Lorin Cohen Tours Southeast Asia with Yamaha Silent Bass

1/14/2005 [Strings]

The U.S. Dept. of State sent the Chicago Jazz Quartet abroad as cultural ambassadors in August and September. Lorin Cohen took a Yamaha SVB-200 Silent Bass with him on the group's "Jazz Ambassadors Tour" to Southeast Asia.

Lorin Cohen in Ho Chi Minh City
Lorin Cohen and his Yamaha SVB-200 in Ho Chi Minh City, Vietnam
BUENA PARK, CA (January 14, 2005) — When you send a group of artists abroad as cultural ambassadors, you send the best. For the U.S. Department of State, that meant the Chicago Jazz Quartet. And for Lorin Cohen, the quartet's bassist, that meant Yamaha. Cohen took a Yamaha SVB-200 Silent Bass with him on the group's five-week, six-nation “Jazz Ambassadors Tour” to Southeast Asia in August and September.

Cohen, a veteran performer on the Chicago jazz scene who also lectures as part of that city's Urban Gateways and Musicalive music education programs, joined pianist Benjamin Lewis, vocalist and trumpeter Matt Lewis and drummer Michael Raynor for performances in Vietnam, Thailand, Indonesia, Bangladesh, Pakistan and the Philippines.

“In a lot of these countries, they're just obsessed with American culture, and they can't get enough of it,” Cohen says. “We have these rigid distinctions between jazz, pop and so forth, but they were just hearing American music. They really responded to the music, and they loved it.”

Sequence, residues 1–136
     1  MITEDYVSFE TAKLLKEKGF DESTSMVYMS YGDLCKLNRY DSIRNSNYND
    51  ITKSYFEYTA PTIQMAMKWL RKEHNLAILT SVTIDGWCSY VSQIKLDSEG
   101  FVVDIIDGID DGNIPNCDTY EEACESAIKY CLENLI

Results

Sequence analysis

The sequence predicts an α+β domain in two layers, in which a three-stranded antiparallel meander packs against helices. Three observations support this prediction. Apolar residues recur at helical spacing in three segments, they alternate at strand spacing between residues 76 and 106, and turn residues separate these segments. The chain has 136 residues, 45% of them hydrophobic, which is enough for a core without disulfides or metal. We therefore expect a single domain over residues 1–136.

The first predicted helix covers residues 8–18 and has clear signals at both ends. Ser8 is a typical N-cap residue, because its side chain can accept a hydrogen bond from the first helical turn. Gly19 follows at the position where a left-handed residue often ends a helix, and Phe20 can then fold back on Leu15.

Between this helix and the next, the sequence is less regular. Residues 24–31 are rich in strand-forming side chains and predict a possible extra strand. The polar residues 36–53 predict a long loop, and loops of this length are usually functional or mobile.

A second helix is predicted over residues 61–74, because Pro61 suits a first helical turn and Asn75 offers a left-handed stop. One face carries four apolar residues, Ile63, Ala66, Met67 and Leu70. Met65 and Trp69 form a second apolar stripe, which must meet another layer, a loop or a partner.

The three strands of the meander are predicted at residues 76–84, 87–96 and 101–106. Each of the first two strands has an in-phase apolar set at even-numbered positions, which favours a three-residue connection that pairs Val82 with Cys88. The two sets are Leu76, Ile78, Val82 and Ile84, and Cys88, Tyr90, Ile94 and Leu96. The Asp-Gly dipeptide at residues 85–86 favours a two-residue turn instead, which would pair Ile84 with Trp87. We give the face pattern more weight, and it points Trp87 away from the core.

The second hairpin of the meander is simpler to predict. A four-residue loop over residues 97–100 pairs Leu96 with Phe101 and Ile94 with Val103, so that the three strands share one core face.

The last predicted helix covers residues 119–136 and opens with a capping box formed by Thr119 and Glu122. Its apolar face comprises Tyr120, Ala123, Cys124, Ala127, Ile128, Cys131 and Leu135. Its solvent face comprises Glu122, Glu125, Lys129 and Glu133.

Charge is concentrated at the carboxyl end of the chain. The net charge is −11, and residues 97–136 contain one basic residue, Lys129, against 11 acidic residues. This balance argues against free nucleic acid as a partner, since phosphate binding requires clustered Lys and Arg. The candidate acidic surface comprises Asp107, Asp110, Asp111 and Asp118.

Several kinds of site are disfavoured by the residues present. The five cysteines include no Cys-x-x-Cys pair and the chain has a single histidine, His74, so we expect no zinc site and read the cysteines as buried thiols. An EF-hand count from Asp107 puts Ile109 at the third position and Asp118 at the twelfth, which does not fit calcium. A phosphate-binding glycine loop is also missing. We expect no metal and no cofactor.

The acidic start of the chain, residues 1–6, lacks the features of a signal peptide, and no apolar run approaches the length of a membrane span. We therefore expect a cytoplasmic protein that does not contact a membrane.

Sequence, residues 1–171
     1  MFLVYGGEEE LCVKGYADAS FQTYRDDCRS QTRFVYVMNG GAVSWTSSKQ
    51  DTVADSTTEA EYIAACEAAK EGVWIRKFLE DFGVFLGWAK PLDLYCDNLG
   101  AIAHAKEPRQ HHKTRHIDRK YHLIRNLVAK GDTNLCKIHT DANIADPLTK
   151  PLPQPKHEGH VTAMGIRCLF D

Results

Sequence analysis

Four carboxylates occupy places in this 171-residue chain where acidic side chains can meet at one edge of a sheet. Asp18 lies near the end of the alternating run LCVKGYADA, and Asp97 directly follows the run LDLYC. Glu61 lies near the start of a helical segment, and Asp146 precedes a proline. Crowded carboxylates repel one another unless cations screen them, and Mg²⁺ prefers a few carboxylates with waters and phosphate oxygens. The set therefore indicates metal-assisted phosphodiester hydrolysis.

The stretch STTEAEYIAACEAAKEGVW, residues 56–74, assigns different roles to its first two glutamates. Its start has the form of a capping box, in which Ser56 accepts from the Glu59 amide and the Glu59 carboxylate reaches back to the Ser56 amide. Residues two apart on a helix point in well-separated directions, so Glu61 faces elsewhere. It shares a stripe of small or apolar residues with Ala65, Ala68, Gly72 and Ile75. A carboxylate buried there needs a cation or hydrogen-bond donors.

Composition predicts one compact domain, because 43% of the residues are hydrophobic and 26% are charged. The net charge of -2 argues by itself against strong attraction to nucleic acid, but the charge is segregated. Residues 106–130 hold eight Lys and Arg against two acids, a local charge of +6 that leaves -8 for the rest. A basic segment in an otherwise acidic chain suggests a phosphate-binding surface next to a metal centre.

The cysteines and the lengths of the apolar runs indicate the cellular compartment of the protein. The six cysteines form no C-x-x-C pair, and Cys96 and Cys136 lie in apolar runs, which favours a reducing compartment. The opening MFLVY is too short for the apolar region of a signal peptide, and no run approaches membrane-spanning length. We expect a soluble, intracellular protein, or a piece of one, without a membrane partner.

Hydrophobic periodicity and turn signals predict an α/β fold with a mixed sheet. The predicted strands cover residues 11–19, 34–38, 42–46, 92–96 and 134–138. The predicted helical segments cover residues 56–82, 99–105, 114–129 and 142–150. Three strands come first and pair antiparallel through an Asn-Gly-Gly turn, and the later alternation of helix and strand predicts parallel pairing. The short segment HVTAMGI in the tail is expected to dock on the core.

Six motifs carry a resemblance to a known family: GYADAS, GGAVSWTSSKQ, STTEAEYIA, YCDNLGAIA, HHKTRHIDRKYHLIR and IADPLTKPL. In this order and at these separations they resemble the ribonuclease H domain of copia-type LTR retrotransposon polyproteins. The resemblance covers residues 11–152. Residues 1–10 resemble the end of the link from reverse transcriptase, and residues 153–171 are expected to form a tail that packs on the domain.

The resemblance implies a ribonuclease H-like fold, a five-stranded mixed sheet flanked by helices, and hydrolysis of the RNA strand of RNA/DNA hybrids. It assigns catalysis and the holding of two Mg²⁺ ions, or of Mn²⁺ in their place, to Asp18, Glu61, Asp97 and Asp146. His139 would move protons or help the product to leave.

According to Cohen, the SVB-200 Silent Bass's compact body and detachable frame made it possible for him to complete a grueling travel itinerary that would have been ill-suited to a traditional acoustic model.

“Over the six weeks, we flew almost 25 flights, and it would have been impossible to bring my acoustic bass,” he says. “We've been getting back videos of some of the performances we did, and I've been amazed at how good it sounds. It held up wonderfully, even when we were dealing with humidity like I've never experienced in my life—and was very flexible. I would not have been able to do it without Yamaha's help, and it bodes very well for the future of traveling bass players.”

Lorin Cohen in Jakarta
In Jakarta, Indonesia
Like other Yamaha silent string instruments, the SVB-200 Silent Bass replaces the volume of a traditional acoustic body with a slender design. Electronic piezo pickups combine with onboard circuitry to produce a full-bodied tone to rival the finest acoustic bass. This design adds flexibility in performance, since the instrument's output can be integrated into a sound design without the need for a microphone or pre-amplification; it also simplifies the performer's life offstage, since its smaller profile makes it easy to carry and ship, with less risk of damage.

The Jazz Ambassadors Tour is a collaborative venture between the State Department's Bureau of Educational and Cultural Affairs and the John F. Kennedy Center for the Performing Arts. Seven other jazz ensembles have been sent abroad to other destinations as part of the program. During their visits, the Chicago Jazz Quartet performed at U.S. embassies, universities, television studios and more intimate locations, frequently sharing the stage with local artists and students.

Cohen notes that he and his bandmates encountered a variety of cultural atmospheres on their tour. “It was amazing,” he says. “Pakistan was a cultural treasure-trove; the musical tradition there is incredible, and I was able to perform with some classical sitar, tambur and wood flute masters there. In Vietnam, we performed in several places where we were the first American musical group ever to perform. In Haiphong, they'd never heard of jazz.”

For more information about the Silent Series of Yamaha Band & Orchestral instruments, write Yamaha Corporation of America, Band & Orchestral Division, P.O. Box 6600, Buena Park, CA 90622; telephone (714) 522-9011; e-mail infostation@yamaha.com; or visit www.yamaha.com/band.

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